at least 100 years before you get alternative energies. you know -- host: ok, eddie, i want to take that last point, oil around for 100 before alternative energies pay off. guest: we have 2% of the world's oil. eddie, if you want to rely on the saudis and middle eastern countries for oil, hey, god bless you. i just don't think that is a good long-term strategy for the united states when we have the innovative, the capacity, the cree atitive to have alternative energy. and global warming, which i am sure you are not concerned with, but many of us are and think this could be a whole new industry for us. but to say we're going to rely on oil from the saudis for the next 100 years i think is really reducing and diminishing america. he talked about fairness. eddie, is it fair that people in the united states of america, the wealthiest country in the world have a sick child
that can't get adequate health care or affordable health care because of the screwed up health care system we got? is it fair that someone sitting in youngstown or akron, ohio, had to feel the ramifications of a deregulated wall street of people who followed their self-interest right off a cliff and took the entire economy down with it? is that fair? no, that's not fair. fairness is regulating these market and making sure that the bounty and the blessings of america gets spread across for everybody to at least have a modicum of fairness and that means health care, affordable education and, you know, basic standard of living. host: a fellow on twitter says, where the heck is all the gas taxes going? where is it guest: part of it it's not geared for inflation. it gets outpaced almost immediately once a lot of these gas faxes are put on -- taxes are put on and at the end of the day it gets more and more expensive to pave roads and do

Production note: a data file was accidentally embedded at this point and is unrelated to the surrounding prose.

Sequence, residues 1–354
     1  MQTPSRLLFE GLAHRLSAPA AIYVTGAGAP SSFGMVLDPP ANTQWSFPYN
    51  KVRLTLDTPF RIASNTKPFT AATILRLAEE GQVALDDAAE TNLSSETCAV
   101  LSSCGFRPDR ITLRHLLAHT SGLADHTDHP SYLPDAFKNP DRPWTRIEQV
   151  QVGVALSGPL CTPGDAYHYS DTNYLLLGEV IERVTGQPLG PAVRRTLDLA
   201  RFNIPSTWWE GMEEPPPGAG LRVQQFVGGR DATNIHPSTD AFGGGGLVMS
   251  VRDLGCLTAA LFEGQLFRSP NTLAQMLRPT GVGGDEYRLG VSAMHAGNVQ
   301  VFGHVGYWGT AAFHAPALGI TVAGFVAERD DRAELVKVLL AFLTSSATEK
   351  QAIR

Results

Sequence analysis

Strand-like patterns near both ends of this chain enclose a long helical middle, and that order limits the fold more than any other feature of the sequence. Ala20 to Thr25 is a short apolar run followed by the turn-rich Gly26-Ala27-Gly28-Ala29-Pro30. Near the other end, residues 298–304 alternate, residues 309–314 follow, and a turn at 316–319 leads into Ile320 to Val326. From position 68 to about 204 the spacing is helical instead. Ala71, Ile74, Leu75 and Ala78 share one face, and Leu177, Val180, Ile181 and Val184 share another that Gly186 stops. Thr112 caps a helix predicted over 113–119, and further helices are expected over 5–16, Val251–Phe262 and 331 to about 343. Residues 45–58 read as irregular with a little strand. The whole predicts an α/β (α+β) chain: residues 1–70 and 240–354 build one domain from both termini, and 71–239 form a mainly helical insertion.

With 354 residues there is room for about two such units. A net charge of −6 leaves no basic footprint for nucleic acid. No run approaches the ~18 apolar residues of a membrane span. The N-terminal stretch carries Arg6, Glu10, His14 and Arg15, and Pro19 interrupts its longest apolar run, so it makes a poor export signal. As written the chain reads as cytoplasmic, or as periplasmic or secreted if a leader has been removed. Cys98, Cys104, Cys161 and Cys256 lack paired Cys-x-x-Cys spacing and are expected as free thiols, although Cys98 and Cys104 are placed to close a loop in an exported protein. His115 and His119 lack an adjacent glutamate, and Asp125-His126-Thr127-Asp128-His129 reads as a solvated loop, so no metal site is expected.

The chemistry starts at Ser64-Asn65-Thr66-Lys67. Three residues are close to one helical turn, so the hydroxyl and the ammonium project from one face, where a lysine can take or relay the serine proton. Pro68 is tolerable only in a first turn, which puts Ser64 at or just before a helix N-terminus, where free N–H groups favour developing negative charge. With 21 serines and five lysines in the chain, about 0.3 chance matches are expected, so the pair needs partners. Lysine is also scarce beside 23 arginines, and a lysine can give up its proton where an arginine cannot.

bridges and everything else because of the inflation within the economy. i think we do need to figure out a better way to fund our infrastructure and to get more money in the pot because we've got a lot of needs. but at the end of the day most citizens support taxes on gasoline because they know it's -- they are going to give it at the tank and it's going to go to the roads and you can always see the benefits of it. host: let's go to lancaster, pennsylvania. john, independent. caller: yes, congressman, it's a pleasure to hear you after the last few days of listening to the republican race to the bottom. yes, couple quick ones. are you one of the co-sponsors of the new get money out of politics bill that's circulating in congress? i understand there's about 35 people. guest: yes. caller: in that and then secondly, why don't the democrats get together with the occupy wall street folks more
vocally and just talk with them and about them? there's goes to be a spring and a summer that's going to rock the united states, and it would behoove you guys to get on their vote. they have a lot more voices than anyone's giving them credit for. guest: i think that's an important point. yes, i am for getting money out of politics. i think that is the number one interrupting factor of the cause of the problems down here in washington, d.c. so getting the money out is, you know, running every two years and having to raise millions and millions of dollars and your eyes come off the ball which is legislation and figuring out how to solve the country's problems. and the occupy movement i think has really been one of the most important movements in my lifetime in politics because they are at the right spot. they are at wall street, and there's a lot of big money folks who have been spending a lot of money over the last 30 years saying the problems in washington, you know, go to